The crypto world was rocked last week by the stunning implosion of FTX — the second-largest cryptocurrency exchange. Though the ripple effect across the industry is still playing out, Coachella appears to be caught up in the collateral damage.
The festival partnered with FTX.US to sell $1.5 million worth of NFTs back in February, a couple of months before the Southern California event’s first staging since the pandemic. The collection included 10 NFT “Coachella Keys,” which granted lifetime access to the festival and VIP perks such as luxury experiences and exclusive merchandise. Many of those NFTs now appear to be stuck and inaccessible on the defunct exchange.
“Like many of you, we have been watching this news unfold online over the past few days and are shocked by the outcome,” said a Coachella staff member on the festival’s Discord server. “We do not currently have any lines of communication with the FTX team. We have assembled an internal team to come up with solutions based on the tools we have access to. Our priority is getting Coachella NFTs off of FTX, which appears to be disabled at the moment.”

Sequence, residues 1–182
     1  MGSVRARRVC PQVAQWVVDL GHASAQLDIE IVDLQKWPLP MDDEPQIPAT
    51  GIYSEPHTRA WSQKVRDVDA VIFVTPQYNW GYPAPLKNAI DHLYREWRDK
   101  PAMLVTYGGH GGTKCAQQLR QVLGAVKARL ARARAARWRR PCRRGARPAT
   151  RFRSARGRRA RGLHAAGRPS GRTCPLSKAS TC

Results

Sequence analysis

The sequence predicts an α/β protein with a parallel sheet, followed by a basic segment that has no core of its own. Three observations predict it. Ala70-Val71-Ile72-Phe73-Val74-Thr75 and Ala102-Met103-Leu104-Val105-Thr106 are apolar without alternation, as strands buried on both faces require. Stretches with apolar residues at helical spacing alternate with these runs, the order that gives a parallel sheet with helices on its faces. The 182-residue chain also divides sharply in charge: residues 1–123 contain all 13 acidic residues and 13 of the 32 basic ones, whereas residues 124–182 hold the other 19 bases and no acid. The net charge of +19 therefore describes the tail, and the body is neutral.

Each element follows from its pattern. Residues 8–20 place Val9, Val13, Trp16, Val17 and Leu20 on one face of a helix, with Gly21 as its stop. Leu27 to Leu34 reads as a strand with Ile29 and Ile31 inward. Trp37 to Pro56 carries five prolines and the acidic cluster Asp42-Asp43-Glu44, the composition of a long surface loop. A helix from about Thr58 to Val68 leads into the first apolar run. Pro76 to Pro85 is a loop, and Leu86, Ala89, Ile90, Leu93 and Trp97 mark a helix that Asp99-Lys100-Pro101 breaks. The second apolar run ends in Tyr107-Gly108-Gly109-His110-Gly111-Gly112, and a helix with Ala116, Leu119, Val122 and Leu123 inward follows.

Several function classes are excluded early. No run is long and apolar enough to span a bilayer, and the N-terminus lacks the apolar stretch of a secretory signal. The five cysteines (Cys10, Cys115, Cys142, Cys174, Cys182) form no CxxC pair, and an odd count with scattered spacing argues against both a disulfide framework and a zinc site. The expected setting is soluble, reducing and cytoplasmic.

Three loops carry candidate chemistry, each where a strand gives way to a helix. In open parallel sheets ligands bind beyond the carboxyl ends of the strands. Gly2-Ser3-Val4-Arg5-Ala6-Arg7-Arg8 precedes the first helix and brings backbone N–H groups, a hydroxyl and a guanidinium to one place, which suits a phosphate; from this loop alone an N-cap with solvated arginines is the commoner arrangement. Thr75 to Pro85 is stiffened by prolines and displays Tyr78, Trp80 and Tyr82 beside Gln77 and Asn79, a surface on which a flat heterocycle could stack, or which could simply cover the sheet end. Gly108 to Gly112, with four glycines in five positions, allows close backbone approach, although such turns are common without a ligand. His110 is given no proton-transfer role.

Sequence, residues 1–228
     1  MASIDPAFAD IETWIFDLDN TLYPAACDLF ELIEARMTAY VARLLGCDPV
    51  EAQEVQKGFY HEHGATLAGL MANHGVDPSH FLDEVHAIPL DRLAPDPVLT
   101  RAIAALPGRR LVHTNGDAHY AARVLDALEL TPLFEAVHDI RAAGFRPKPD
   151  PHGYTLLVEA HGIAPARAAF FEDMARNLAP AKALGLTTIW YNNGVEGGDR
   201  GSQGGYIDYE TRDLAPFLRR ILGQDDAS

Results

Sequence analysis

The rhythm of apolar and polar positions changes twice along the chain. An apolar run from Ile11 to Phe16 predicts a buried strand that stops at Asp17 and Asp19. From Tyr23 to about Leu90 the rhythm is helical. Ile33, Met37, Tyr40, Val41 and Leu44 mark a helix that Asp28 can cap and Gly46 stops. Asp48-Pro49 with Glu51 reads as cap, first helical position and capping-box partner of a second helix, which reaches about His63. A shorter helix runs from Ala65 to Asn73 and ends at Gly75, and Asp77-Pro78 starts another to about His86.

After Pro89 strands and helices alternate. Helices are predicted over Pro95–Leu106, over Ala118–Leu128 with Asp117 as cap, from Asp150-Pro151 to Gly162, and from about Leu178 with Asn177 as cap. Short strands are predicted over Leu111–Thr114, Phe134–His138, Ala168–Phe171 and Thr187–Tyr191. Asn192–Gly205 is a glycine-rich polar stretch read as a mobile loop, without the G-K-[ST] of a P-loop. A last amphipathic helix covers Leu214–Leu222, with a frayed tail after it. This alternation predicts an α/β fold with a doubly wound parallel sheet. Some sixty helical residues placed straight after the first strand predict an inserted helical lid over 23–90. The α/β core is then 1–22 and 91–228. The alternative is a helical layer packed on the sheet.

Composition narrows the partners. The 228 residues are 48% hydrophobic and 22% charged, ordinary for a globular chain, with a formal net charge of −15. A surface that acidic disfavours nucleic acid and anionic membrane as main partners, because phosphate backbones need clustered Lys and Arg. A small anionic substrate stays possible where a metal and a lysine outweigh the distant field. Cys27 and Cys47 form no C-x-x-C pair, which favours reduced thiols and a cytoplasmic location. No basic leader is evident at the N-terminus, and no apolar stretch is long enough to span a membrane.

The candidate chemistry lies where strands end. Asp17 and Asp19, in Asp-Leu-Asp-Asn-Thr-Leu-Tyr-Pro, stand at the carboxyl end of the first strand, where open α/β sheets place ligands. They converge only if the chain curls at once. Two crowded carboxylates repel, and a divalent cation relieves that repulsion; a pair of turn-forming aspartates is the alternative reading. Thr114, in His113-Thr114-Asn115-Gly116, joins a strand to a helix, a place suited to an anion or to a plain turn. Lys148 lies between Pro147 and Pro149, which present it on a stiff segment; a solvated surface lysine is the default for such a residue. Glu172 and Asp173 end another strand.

“We’re actively working on solutions and are confident we’ll be able to protect the interests of Coachella’s NFT holders,” said Coachella innovation lead Sam Schoonover in a statement sent to Billboard.
FTX filed for Chapter 11 bankruptcy on Friday citing a “severe liquidity crisis,” after depositors rushed to withdraw more than $6 billion in 72 hours. It is alleged that FTX and its founder Sam Bankman-Fried commingled customer deposits with its sister trading firm Alameda Research, resulting in a multi-billion dollar hole in the exchange’s balance sheet. When customers rushed to withdraw their funds, it became clear that FTX was insolvent.
The knock-on effects have been disastrous, with billions of dollars locked up and little prospect of recovery. Among those assets are several NFTs released through the FTX platform, including NFTs from Coachella and Tomorrowland.
One collector told Billboard he was able to withdraw his Coachella Key to his own wallet just days before FTX went bankrupt, but many others have not been so lucky. Anyone who kept their NFT on the FTX platform currently has no access to them.
Although few in the Web3 industry predicted a crisis on this scale, many crypto advocates have long argued that NFTs and cryptocurrencies should not be stored or held by centralized platforms such as FTX. The last update from the Coachella team — issued on Saturday (November 12) — advised users against interacting with any FTX product and recommended they sign out of all FTX accounts.
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